Marty's fly is, of course, tied perfectly. Someday, I hope to be able to tie something this nice. For me, it's a true sign of skill when one can be use minimal materials to acheive maximum impact and that what we have here. "Brevity is the soul of wit", Shakespeare's famous quote from hamlet applied to fly tying. Amazing.

JackD #2 - The rule was one-entry per tier but I have to relax it for Jack's second fly because it's defintely a 'stunner'...

Richard Torres - The classic Blue Charm, a nice representation of a classic British pattern. It's hard to evaluate as it's wet but that might eb the better condition to judge a fishing fly anyway... I agree with Richard that the color combination suits our PNW winters; black, brown, a touch of orange and the wash of blue in the collar/underwing. Tied a little fuller with a featherwing like this one looks like a killer for the clear, low-water runs of midwinter when you don't want to be throwing big junk to spooky fish. My primary criticism would be that the head could be smaller but that's personal preference and probably has zero effect on the fishability.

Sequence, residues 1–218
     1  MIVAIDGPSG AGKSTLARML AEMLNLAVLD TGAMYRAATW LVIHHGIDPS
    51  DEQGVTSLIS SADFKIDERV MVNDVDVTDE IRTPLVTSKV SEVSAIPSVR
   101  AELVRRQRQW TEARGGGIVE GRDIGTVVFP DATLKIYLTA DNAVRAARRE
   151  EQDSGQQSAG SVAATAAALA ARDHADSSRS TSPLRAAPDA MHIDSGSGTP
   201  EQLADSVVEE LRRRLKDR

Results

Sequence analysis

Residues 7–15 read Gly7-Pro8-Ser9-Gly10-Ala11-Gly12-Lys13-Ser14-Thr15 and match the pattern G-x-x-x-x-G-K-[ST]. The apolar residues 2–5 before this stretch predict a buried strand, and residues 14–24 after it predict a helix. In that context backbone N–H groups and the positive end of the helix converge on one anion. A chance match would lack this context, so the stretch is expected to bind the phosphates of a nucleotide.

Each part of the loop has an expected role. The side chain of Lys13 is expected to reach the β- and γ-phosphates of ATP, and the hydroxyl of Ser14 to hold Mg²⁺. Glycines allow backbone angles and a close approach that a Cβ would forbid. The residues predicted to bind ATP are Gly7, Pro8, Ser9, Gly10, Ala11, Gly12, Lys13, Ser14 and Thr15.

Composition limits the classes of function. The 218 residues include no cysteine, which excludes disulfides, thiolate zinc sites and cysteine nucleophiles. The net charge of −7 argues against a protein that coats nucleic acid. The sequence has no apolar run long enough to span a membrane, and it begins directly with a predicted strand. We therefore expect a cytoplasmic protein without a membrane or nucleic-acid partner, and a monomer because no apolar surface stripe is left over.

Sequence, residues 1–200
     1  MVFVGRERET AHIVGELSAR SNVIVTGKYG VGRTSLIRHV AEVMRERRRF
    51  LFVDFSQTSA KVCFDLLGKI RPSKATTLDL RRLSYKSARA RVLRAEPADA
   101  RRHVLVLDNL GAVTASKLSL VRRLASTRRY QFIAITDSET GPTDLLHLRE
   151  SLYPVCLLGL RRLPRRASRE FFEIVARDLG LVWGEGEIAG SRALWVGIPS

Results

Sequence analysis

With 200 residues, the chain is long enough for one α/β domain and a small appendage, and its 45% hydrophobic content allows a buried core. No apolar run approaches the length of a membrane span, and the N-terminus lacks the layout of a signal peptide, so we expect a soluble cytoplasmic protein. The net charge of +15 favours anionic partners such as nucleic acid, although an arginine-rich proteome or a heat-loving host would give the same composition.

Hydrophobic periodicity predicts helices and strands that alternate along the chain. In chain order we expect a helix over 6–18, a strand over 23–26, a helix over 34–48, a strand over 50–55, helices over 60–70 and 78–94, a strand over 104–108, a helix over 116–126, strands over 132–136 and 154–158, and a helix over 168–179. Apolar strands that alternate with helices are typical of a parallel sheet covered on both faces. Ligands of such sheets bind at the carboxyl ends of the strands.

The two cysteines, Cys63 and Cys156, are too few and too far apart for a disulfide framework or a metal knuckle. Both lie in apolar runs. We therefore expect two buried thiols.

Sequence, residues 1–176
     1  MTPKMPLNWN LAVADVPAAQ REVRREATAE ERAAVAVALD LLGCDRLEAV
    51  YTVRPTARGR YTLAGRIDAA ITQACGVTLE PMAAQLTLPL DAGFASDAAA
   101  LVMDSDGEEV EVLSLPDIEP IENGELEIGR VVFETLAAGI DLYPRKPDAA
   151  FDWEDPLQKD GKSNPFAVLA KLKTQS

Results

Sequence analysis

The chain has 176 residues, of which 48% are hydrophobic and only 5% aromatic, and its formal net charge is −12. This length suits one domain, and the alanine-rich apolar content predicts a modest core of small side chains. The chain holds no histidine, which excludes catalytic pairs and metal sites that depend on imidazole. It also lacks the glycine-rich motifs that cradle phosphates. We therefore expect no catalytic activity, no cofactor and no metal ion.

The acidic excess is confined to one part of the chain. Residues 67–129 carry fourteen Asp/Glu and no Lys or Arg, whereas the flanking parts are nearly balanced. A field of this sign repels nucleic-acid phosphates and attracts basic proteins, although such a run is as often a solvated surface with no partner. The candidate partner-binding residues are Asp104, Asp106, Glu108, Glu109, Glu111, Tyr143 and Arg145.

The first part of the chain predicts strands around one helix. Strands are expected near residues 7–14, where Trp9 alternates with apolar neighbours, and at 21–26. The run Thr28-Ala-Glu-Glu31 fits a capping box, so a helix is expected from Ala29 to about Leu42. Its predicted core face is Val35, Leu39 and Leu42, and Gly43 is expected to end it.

Steve Rohrbach - Here we go... What a cool use of the original palette, a pair of tubes for sea-run cutthroat. I've written before (here) that the Coastal Cutthroat, particularly the sea-run life history was the fish that got me back into angling after a too long hiatus. I've tied a lot of flatwings, even a few on tubes, but I've always looked the the east coast striper patterns for inspiration. Thanks to Steve, I'm thinking I should be focused a little closer to home in the future. One of the stated criteria for winning my month was that the fly should inspire me to tie and this pair does that for sure. Finalist